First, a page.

Morrisons has been ordered to pay 40 per cent of claimant legal costs if it loses an appeal in the ongoing case over a massive data leak by one of its employees.
Morrisons is currently fighting a landmark data breach case in which it was found vicariously liable for the actions of disgruntled employee Andrew Skelton, who, in harbouring a "personal grievance" against the company, uploaded the details of almost 100,000 staff. The stunt earned him an eight-year jail sentence.
Morrisons appealed the ruling last year on the grounds it felt it shouldn't be held responsible for the actions of an employee whose intention it was to harm the company. The case will be heard again before the Court of Appeal in October.
The recent costs ruling found that should the claimants win the case again, the supermarket giant will have to pay 40 per cent of the common costs of running a class action. It will not affect the compensation that individuals are entitled to.
Nick McAleenan, who acted for the 5,518 claimants, said: "The claimants were delighted that the High Court found Morrisons liable for the data leak in this landmark case. They are also obviously pleased that the judge rejected Morrisons’ unusual arguments for a costs payment in Morrisons’ own favour following the liability trial, and that the judge has ordered the defendant to pay such a substantial amount in costs.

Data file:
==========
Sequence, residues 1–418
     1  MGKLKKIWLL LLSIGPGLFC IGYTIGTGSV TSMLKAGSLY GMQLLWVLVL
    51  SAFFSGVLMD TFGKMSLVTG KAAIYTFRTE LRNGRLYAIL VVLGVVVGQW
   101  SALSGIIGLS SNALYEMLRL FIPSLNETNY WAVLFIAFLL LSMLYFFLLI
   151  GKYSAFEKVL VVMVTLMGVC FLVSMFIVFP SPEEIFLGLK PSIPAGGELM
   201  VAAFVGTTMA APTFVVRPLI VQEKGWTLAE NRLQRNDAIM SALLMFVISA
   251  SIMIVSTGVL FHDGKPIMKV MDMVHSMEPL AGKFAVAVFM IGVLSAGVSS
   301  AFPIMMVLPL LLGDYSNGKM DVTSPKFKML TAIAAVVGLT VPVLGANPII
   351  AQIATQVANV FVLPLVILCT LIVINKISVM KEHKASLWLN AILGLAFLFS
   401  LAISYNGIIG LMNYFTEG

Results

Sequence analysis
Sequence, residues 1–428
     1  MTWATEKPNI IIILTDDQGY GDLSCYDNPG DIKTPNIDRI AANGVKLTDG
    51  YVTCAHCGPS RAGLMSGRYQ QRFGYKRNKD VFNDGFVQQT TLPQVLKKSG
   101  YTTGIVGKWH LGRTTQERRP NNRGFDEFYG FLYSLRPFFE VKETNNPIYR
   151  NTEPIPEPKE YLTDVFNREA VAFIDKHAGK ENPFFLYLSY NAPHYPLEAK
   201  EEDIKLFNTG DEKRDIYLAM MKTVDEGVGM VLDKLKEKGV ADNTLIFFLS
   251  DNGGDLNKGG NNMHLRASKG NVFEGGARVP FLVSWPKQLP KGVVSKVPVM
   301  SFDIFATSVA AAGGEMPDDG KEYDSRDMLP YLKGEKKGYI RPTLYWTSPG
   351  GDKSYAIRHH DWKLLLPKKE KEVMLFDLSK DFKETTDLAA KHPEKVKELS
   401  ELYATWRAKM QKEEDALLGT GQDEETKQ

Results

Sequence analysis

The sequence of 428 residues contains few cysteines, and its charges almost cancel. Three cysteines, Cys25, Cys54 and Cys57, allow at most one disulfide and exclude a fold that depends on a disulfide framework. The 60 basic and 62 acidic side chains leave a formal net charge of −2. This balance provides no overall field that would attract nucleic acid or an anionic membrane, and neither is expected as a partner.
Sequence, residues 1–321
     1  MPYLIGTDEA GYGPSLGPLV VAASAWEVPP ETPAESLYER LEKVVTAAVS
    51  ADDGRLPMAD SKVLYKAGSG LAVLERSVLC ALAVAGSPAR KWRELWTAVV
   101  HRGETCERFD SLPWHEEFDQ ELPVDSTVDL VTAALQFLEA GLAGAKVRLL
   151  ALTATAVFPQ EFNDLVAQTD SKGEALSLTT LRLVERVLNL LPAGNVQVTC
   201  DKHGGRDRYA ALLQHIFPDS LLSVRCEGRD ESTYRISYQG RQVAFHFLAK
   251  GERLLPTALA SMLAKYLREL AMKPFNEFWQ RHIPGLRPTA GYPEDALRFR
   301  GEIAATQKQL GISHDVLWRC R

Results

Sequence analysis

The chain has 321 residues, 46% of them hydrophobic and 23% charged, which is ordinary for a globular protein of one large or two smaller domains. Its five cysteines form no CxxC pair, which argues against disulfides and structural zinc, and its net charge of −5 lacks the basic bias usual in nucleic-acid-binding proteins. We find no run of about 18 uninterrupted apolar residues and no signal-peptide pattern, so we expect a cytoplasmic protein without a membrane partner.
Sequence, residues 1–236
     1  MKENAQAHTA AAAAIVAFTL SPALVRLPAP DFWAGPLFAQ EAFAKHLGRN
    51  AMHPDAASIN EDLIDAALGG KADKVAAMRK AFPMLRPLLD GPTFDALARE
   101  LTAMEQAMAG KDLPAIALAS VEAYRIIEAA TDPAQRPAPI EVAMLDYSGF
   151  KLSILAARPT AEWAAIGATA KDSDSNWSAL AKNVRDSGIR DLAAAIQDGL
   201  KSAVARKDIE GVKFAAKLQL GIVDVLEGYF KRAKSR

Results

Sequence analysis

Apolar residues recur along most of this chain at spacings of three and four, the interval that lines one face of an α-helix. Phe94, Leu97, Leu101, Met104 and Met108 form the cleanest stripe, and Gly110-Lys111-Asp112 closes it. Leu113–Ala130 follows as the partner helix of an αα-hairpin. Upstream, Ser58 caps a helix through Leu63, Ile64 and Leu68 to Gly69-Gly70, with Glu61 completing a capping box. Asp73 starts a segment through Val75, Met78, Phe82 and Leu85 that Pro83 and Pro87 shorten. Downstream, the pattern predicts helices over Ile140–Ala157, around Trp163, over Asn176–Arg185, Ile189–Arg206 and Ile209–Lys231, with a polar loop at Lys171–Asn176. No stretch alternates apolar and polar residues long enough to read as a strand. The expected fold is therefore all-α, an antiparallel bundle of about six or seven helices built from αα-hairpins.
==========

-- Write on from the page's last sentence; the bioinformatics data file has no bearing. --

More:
"The judge explained, unsurprisingly, that he views the claimants as the 'winners'. Morrisons itself secured compensation for the data leak, but is currently appealing the High Court decision. The case will come before the court of appeal in October. If the appeal is unsuccessful, a compensation trial will follow.”
Morrisons declined to comment.